Food Science and Nutrition Webinar: Nutrient density in Foods: Past, Present and Future

Organised by IFSTs Food Science and Nutrition Group 

Summary: Following the successful debates on macro and micronutrients and, most recently, Lifestyle Choices, we are taking a look at factors which have, are and will influence the inherent nutrient density in our foods. A debate to gain an understanding of the variations in nutrient density depending on agronomy, growing and processing conditions.
This will once again be an interactive event and bring together a panel of experts to explore various regulatory, health and food formulation issues, relating to a current topic of interest.

What you will learn about: 
A number of parameters can influence the nutrients in our foods, and we will take a look at the following:
•   Farming and depletion of minerals in foods from soil
•   Processing and better retention/ creation of vitamins in foods with new processing techniques
•   Enhancing nutrient content of foods through feed and growing conditions
•   Consumer attitudes

Target Audience: Food Scientists, Nutritionists and Students

Chair: Kate Halliwell, Head of UK Diet and Health Policy, Food and Drink Federation
Kate’s role involves the development, implementation and promotion of FDF’s nutrition and health policies across a broad remit, from product reformulation through to workplace wellbeing approaches. This includes extensive liaison with food companies to develop cross-industry policy positions and responding to scientific consultations.  Previously Kate worked for the Department of Health and the Food Standards Agency on a range of nutrition policies.  Kate sits on the Nutrition Society Council representing industry and is a registered nutritionist. 

Session 1: Biofortification and changes in foods over time
Speaker: Jenny Walton, Food Partnerships & Commercialisation, HarvestPlus

Based with the HarvestPlus global team, Jenny’s role at HarvestPlus is to establish ways to scale up the use and reach of biofortified foods via partnerships across the value chain. Working with the private sector her objective is to find the incentives to commercialise biofortification and work in partnership to overcome the barriers to scale. Jenny is a registered nutritionist with 20 years’ experience working in the food industry for well-known brands such as the Co-op, Danone, United Biscuits and Kellogg’s.  She has worked in various nutrition related roles including food policy, nutrition science, food regulations, nutrition communications and marketing.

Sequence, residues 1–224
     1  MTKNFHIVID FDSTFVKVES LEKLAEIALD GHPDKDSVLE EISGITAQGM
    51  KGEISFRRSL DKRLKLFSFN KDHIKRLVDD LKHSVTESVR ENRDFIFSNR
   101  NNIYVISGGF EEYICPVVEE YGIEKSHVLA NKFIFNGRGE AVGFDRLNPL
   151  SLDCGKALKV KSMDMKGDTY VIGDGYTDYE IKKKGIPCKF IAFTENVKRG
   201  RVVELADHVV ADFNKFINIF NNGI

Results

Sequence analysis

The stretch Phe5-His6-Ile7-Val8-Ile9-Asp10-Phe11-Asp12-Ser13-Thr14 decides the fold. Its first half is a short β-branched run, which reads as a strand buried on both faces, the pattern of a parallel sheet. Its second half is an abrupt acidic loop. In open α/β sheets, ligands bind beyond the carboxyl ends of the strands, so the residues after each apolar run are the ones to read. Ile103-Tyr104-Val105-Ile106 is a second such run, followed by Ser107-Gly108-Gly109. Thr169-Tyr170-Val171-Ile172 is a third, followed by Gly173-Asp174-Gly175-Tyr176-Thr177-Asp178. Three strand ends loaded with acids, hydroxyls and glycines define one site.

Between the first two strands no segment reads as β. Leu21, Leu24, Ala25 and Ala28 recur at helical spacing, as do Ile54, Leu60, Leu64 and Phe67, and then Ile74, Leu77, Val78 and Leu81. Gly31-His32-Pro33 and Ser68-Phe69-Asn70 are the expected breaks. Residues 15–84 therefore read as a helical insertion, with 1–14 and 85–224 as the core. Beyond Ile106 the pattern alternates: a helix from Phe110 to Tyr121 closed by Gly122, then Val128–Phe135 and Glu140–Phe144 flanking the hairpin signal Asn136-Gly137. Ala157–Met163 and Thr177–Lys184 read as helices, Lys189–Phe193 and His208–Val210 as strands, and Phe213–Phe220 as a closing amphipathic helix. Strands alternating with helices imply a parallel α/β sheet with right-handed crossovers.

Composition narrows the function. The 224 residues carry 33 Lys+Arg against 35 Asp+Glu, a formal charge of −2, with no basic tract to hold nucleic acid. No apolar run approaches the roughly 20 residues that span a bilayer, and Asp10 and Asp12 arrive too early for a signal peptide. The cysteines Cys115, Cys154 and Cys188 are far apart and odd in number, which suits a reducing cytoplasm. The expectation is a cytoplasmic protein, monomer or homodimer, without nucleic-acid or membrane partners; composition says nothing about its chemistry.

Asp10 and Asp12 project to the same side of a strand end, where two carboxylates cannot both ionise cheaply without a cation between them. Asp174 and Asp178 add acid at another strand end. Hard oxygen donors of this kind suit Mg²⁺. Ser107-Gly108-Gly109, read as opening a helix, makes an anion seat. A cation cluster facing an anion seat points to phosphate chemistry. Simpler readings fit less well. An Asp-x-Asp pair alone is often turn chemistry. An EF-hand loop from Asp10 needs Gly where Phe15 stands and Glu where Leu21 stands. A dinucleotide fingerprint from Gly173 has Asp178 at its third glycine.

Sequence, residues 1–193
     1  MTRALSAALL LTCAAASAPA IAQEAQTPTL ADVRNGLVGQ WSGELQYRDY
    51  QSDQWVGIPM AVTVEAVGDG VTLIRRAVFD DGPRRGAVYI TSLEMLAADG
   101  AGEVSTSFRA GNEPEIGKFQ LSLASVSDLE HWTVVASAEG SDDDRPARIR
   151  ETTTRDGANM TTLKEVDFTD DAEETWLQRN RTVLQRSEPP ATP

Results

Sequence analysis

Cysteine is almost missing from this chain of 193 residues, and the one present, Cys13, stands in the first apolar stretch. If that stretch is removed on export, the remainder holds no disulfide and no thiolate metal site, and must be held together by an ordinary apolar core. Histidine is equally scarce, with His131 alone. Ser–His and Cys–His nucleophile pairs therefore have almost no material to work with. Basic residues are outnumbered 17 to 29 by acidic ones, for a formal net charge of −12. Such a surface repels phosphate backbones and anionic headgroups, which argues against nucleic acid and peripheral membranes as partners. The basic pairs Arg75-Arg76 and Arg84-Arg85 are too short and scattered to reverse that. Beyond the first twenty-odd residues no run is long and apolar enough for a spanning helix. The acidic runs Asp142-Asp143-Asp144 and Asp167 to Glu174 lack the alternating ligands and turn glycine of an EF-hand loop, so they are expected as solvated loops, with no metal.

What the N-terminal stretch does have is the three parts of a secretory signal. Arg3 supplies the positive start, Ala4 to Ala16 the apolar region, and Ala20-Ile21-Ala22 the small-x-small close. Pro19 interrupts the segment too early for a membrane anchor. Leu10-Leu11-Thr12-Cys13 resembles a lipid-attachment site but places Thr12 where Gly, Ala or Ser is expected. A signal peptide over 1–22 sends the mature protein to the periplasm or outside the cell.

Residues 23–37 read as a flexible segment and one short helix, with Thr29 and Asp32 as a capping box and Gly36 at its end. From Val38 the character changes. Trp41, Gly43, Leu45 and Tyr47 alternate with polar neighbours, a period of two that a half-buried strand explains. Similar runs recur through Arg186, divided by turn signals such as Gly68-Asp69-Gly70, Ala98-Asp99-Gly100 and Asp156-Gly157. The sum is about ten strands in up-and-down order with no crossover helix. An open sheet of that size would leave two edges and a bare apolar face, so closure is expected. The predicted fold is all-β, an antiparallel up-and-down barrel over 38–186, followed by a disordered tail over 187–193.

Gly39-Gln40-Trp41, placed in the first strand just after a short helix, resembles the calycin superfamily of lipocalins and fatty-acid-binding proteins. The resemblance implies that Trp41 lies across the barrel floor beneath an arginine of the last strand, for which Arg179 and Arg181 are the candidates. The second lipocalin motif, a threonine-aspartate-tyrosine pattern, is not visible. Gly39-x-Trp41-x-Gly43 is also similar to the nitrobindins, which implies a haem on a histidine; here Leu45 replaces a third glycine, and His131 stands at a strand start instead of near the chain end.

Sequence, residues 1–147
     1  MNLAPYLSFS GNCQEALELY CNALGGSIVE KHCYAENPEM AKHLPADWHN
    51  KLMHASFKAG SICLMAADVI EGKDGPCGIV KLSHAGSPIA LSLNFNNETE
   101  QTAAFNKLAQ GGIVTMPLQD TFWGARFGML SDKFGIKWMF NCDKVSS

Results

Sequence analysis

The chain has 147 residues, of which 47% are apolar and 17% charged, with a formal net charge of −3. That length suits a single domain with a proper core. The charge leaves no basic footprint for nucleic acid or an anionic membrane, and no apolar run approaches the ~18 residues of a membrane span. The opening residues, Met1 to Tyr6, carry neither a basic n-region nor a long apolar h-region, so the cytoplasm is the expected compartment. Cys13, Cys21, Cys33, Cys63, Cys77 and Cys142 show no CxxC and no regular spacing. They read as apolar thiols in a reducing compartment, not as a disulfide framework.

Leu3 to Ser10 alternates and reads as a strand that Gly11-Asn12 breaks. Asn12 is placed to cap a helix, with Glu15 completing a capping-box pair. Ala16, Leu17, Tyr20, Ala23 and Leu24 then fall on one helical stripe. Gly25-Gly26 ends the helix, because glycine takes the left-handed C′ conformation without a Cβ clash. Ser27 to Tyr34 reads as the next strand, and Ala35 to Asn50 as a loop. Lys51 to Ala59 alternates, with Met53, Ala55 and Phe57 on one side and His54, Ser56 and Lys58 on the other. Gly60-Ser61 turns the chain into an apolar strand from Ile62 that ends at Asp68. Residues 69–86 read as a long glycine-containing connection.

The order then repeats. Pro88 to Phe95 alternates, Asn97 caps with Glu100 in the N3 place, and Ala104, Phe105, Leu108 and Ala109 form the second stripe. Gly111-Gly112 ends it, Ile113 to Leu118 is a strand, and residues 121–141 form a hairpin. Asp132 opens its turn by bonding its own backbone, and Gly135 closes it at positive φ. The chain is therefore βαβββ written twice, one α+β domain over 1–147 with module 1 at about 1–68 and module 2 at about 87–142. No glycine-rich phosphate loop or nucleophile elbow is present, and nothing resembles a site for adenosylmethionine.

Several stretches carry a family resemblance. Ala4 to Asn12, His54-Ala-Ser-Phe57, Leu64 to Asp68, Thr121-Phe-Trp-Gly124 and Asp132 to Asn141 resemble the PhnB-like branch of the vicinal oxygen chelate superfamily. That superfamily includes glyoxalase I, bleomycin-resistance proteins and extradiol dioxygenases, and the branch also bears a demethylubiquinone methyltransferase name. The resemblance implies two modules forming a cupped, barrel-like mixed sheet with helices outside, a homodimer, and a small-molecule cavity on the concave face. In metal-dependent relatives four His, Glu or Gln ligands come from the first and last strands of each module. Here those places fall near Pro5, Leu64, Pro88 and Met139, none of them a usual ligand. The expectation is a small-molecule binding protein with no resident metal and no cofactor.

Session 2: Changes in impact of processing to micronutrients in foods
Speaker: Mike Adams, Product Innovation Lead, Campden BRI
Mike studied for a BSc (Hons) in Microbiology at the University of Manchester, graduated in 2005, Mike has worked primarily within R&D and Technical roles for multinational FMCG organisations. Most recently he led the development of own label products for a major high street health and wellness retailer, specialising in spotting new trends in functional foods, sports nutrition and free from foods.
The Product Innovation group are responsible for supporting clients in all aspects of product development, ingredient development, innovation and physical characterisation. Key areas for the group include rheology and textural characterisation; ingredient development and characterisation; reheating and cooking instruction development; product ideation, development and reformulation.

Session 3: Micronutrient supplementation in animal nutrition and impact on human health 
Speaker: Eva Lewis, Head of Food Innovation, Devenish
Dr Eva Lewis is currently working as Head of Food Innovation with Devenish; and was previously Ruminant Food Innovation Manager with Devenish.  Food Innovation are responsible for the development of bio-enriched meat and milk, to create nutritionally superior food for consumers; and products of enhanced eating quality, whilst ensuring optimum animal performance, and health and welfare, and promoting sustainable agriculture.  Eva previously worked with Teagasc, based at the Moorepark research centre.  Her focus there was on dairy cow nutrition, with a particular focus on grass and the mechanics and environment of the rumen and subsequent effects on milk composition and the environment. Prior to that Eva worked as a ruminant research associate with the animal nutrition company Provimi as part of their global research team in Brussels, and then as purchasing and technical manager for the Irish wing of Provimi named NuTec. Eva graduated from UCD with a PhD in animal science in 2003 and with a 1st class honours degree in animal science (BAgrSc) in 2000.

Live Q&A: Kate Halliwell, Jenny Walton, Mike Adams and Eva Lewis